For full functionality of this page it is necessary to enable JavaScript. Here are the instructions how to enable JavaScript in your web browser How best intentions can go so wrong Directors' Choice

How best intentions can go so wrong

How best intentions can go so wrong


People look to funeral directors to know what to say

As professionals in a field where sensitivity is everything, Funeral Directors constantly strive to say just the right thing at the right moment. We work hard to be culturally, spiritually and socially aware of how a simple statement can be misconstrued during times of extreme emotional duress.

We are often asked to advise the deceased’s family members, friends and acquaintances as to what is best to say. We all do our best, but there are times when even the most sincere and genuinely concerned of us, in our own discomfort, can say the wrong thing. People who have recently lost someone provide a few examples.

Many mean well but their words can be cruel


Sarah’s younger daughter was stillborn. In the midst of her heartache, someone said to her, “Well, perhaps this is a good thing because your older child is disabled, and this one might have been as well.” Statements like these make your mouth drop open in astonishment. What have you heard others say that was meant to be kind but instead came across as cruel? You may recognize scenarios like these.

When Becky and Carrie lost their babies late in their pregnancies, several people mistakenly thought they were offering comfort with, “Well, it wasn’t a real baby yet, anyway.” Likewise, Cherrie and Sondra experienced the loss of their babies. They were told, “You can always have another one.”

When her father died, Norma’s aunt and cousins showed up for visitation at the funeral home. When they seemed to be ignoring her and her grief,  she approached her aunt, who observed that, “He was my brother before he was your father, so I miss him more than you.”  Perhaps, but certainly not words of mutual comfort.

Some try to offer spiritual comfort

Religious or spiritual comfort is another common way people attempt to help, but the bereaved report many times that what is said isn’t comforting at all and is actually hurtful.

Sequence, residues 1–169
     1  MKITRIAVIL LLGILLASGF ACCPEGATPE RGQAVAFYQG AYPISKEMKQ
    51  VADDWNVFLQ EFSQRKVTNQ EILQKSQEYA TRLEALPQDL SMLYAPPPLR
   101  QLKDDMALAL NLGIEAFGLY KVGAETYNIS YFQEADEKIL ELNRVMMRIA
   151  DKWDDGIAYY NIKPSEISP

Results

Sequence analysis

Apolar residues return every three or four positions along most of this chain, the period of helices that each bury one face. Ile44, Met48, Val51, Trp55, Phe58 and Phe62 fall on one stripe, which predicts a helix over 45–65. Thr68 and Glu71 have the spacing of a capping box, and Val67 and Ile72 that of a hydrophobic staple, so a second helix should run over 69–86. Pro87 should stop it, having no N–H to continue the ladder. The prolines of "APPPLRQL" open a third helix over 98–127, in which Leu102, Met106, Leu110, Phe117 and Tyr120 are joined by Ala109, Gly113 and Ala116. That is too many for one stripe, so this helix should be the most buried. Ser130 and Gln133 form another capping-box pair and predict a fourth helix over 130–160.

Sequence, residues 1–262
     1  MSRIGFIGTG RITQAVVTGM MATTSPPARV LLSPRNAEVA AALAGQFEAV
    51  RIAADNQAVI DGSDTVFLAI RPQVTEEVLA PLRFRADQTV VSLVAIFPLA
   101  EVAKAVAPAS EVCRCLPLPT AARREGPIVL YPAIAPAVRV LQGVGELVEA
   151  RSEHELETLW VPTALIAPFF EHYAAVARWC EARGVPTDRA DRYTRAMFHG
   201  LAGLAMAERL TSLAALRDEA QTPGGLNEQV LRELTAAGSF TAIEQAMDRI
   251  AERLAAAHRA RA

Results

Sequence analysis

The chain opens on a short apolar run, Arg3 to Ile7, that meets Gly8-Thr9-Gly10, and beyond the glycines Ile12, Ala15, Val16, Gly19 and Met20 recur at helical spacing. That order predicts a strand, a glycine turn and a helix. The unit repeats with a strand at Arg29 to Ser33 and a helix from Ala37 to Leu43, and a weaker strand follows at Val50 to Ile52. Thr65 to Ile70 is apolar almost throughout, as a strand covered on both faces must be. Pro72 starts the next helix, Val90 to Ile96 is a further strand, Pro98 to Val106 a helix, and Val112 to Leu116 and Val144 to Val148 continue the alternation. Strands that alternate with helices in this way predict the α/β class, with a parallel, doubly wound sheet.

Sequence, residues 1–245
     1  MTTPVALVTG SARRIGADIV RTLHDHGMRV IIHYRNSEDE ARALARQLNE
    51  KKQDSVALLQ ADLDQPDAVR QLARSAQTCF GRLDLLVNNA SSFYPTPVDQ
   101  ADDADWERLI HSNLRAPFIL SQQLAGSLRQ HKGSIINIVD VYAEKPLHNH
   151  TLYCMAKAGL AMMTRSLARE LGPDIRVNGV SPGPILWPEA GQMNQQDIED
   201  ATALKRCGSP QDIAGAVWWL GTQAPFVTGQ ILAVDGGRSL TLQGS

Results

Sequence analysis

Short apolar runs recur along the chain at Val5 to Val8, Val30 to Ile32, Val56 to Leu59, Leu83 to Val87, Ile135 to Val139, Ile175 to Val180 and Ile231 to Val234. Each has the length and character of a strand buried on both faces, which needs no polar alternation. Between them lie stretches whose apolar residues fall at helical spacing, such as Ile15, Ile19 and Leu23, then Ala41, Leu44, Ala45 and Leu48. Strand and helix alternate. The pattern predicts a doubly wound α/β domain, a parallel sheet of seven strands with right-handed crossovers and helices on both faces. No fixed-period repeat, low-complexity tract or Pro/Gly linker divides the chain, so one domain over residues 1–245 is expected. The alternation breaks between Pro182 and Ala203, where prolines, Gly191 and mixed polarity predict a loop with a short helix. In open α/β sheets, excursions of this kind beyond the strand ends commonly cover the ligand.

Valerie’s father passed after a particularly harsh battle with cancer. During visitation at the funeral home, she was told, “He didn’t suffer nearly as much as Jesus Christ did for your sins.” Several others told her, “God never gives you more than you can handle.” This is a common statement, and many people use it, but people like Valerie and Roger (who lost his son) found this response harsh and cold.

The worst and the best response 

Perhaps the worst response of all, according to those who answered the question, “What don’t you say to grieving people?” was to ignore or avoid their loss and say nothing. Sharon said her neighbors, coworkers and friends completely avoided her because they didn’t know what to say. “People should realize that saying nothing is so much worse.”

As funeral directors, we are often asked, “What do I say?” As we help guide those who ask for our help in these delicate matters, one thing to remember is overwhelmingly, those who have lost someone report, “I’m sorry for your loss,” is the very best response. That’s why, at Directors’ Choice, when we become aware that the person on the call is bereaved, we let them know that we are sorry for their loss. As we end the call, we again let them know how sorry we are for their loss. These words aren’t spoken as a rote formula, but in acknowledgement that the person on the phone has lost someone and these are the kindest words of comfort we can offer.


Comments are closed.